Profile image
By Alton Parrish (Reporter)
Contributor profile | More stories
Story Views

Now:
Last Hour:
Last 24 Hours:
Total:

Bad Calories: Sugar-Sweetened Beverages Increase Cardiometabolic Disease Risk

Tuesday, May 15, 2018 21:33
% of readers think this story is Fact. Add your two cents.
While calories from any food have the potential to increase the risk of obesity and other cardiometabolic diseases, 22 nutrition researchers agree that sugar-sweetened beverages play a unique role in chronic health problems. The disease risk increases even when the beverages are consumed within diets that do not result in weight gain.

It’s just one of the conclusions published today in Obesity Reviews in a position paper by a group of researchers who participated in the 2017 CrossFit Foundation Academic Conference. The task of researchers was to deliberate the question: Are all calories equal with regards to effects on cardiometabolic disease and obesity? The paper provides an extensive review of the current science on diets that can lead to obesity, cardiovascular disease and Type 2 diabetes.

Twenty-two nutrition researchers agree that sugar-sweetened beverages increase cardiometabolic disease risk. 

Photo of sugar pouring out of soda can
Credit: Getty Images
 

The paper’s sugar-sweetened beverage consensus is particularly relevant in light of a recent legal battle over warning labels on soda, which hinged on the 9th Circuit Court’s determination of whether soda and other sweetened beverages are uniquely harmful to human health or one source of calories among many.

“What’s new is that this is an impressive group of scientists with vast experience in nutrition and metabolism agreeing with the conclusion that sugar-sweetened beverages increase cardiometabolic risk factors compared to equal amounts of starch,” said lead author Kimber Stanhope, a research nutritional biologist with the School of Veterinary Medicine at the University of California, Davis.
Sugar substitute won’t make you fat

Another interesting point of consensus among researchers is the role of the sugar substitute aspartame. The authors agreed that aspartame does not promote weight gain in adults. Stanhope said this might come as a surprise to most people.

“If you go on the internet and look up aspartame, the layperson would be convinced that aspartame is going to make them fat, but it’s not,” said Stanhope. “The long and short of it is that no human studies on noncaloric sweeteners show weight gain.”

The authors also agreed that consumption of polyunsaturated (n-6) fats, such as those found in some vegetable oils, seeds and nuts, lowers disease risk when compared with equal amounts of saturated fats. However, that conclusion comes with a caveat. Dairy foods such as cheese and yogurts, which can be high in saturated fats, have been associated with reduced cardiometabolic risk.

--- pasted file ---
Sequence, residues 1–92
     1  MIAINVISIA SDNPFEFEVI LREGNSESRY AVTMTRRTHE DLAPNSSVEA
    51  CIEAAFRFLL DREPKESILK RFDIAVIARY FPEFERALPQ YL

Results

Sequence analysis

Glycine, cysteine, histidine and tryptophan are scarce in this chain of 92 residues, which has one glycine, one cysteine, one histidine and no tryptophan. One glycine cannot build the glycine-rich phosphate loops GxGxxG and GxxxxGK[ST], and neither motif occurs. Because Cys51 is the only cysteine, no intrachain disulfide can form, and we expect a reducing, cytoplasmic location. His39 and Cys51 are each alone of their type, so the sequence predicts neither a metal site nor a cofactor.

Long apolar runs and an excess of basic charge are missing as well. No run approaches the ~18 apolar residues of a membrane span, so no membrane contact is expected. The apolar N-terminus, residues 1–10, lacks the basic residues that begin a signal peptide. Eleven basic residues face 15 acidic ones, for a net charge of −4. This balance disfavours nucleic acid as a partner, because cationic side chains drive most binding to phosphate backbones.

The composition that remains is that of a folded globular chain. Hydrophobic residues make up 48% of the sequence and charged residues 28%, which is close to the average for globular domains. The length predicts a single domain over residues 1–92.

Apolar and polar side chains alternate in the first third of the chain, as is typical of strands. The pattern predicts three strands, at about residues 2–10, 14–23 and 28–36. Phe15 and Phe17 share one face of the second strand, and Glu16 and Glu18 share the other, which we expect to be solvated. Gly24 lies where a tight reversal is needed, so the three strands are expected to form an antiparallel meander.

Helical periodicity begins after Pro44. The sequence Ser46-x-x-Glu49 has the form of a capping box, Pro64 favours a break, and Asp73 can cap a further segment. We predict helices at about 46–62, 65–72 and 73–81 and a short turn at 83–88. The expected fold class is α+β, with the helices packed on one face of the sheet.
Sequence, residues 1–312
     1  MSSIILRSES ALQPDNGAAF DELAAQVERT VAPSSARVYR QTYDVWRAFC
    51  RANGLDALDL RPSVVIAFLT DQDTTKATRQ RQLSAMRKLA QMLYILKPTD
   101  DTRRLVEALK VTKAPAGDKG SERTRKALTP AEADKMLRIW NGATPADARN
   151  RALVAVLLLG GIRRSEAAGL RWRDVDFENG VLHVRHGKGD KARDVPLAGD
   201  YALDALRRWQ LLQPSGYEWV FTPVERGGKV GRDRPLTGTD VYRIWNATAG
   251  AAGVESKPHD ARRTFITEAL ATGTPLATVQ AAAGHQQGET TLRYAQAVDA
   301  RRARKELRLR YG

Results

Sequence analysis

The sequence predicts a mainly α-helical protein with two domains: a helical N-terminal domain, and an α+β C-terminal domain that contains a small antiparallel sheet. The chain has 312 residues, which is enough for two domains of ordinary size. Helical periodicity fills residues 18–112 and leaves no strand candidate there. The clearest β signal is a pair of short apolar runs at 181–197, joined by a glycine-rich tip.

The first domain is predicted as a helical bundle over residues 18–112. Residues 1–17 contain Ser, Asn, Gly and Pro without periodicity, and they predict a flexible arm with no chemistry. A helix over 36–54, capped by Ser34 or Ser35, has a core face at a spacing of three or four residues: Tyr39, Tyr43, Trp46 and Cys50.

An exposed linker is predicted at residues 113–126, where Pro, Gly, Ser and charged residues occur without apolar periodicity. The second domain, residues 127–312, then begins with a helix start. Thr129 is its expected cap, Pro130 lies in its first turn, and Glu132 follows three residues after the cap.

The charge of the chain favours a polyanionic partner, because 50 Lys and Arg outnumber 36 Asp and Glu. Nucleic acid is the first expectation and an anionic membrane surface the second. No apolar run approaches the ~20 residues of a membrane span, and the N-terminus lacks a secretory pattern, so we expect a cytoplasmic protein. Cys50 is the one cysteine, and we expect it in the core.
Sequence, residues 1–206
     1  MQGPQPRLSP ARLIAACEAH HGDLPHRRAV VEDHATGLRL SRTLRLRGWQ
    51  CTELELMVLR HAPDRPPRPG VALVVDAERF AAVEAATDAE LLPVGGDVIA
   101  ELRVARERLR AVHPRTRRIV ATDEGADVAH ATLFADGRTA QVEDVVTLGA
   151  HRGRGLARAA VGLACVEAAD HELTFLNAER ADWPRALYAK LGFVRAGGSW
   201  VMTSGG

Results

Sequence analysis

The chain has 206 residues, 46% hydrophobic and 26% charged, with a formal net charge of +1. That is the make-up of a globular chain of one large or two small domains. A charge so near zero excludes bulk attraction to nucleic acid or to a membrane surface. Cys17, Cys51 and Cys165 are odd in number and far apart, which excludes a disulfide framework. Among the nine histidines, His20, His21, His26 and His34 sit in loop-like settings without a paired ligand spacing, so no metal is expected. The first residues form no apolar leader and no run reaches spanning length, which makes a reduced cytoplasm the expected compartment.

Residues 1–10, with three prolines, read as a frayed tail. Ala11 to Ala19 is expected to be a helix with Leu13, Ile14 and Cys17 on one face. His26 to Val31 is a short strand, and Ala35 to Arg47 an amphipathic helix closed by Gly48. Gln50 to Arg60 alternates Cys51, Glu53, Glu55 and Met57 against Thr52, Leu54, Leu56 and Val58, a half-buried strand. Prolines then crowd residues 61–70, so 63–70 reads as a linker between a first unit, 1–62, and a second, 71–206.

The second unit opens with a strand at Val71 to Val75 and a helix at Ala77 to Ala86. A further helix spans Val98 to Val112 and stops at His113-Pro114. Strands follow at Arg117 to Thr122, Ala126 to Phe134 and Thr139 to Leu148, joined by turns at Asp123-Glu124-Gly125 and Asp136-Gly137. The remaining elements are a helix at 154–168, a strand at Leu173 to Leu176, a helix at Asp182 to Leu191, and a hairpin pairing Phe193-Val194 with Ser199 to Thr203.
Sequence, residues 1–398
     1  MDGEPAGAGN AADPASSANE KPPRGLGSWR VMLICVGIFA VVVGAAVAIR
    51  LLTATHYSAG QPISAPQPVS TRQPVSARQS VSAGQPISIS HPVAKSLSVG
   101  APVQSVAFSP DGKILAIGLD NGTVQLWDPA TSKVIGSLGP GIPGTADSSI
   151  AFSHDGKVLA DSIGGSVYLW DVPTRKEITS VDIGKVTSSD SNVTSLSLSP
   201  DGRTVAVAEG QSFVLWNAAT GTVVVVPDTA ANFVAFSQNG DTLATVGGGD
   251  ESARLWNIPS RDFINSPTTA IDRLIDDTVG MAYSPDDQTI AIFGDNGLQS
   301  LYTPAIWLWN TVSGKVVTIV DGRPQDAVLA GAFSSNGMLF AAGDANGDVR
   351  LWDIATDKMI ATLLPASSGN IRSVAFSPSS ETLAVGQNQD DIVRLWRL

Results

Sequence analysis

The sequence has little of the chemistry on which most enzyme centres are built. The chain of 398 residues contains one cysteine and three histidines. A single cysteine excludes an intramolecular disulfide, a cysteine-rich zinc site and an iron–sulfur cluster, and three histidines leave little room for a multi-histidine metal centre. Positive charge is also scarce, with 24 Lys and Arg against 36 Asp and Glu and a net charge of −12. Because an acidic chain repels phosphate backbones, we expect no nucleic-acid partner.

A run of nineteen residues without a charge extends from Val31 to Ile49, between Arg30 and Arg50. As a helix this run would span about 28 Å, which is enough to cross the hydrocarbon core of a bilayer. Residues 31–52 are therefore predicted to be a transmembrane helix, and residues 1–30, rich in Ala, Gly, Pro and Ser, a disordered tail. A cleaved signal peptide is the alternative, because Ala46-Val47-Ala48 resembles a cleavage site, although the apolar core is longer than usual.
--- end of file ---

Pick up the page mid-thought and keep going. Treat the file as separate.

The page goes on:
Researchers agree that diets of fruits and vegetables, minimally processed whole grains, and healthy fats like seeds and nuts promote health compared to the refined and palatable typical Western diet pattern.
 
Credit: Getty Images 

The paper reviews the significant challenges involved in conducting and interpreting nutrition research. “We have a long way to go to get precise answers on a lot of different nutrition issues,” said Stanhope. “Nevertheless, we all agree that a healthy diet pattern consisting of minimally processed whole grains, fruit, vegetables, and healthy fats promotes health compared with the refined and palatable typical Western diet pattern.”

Additional authors include M.R.C. Greenwood (distinguished professor emerita), Peter Havel, Candace Allister-Price and Desiree Sigala of UC Davis, who were part of an international team of researchers from 11 different institutions.

Contacts and sources:
Amy Quinton / Kimber Stanhope
University of California – Davis

Citation: Pathways and mechanisms linking dietary components to cardiometabolic disease: thinking beyond calories.
K. L. Stanhope, M. I. Goran, A. Bosy-Westphal, J. C. King, L. A. Schmidt, J.-M. Schwarz, E. Stice, A. C. Sylvetsky, P. J. Turnbaugh, G. A. Bray, C. D. Gardner, P. J. Havel, V. Malik, A. E. Mason, E. Ravussin, M. Rosenbaum, J. A. Welsh, C. Allister-Price, D. M. Sigala, M. R. C. Greenwood, A. Astrup, R. M. Krauss. Obesity Reviews, 2018; DOI: 10.1111/obr.12699



Source:

We encourage you to Share our Reports, Analyses, Breaking News and Videos. Simply Click your Favorite Social Media Button and Share.

Report abuse

Comments

Your Comments
Question   Razz  Sad   Evil  Exclaim  Smile  Redface  Biggrin  Surprised  Eek   Confused   Cool  LOL   Mad   Twisted  Rolleyes   Wink  Idea  Arrow  Neutral  Cry   Mr. Green

Top Stories
Recent Stories
 

Featured

Loading...

Top Global

Top Alternative

Register

Newsletter

Email this story
Email this story

If you really want to ban this commenter, please write down the reason:

If you really want to disable all recommended stories, click on OK button. After that, you will be redirect to your options page.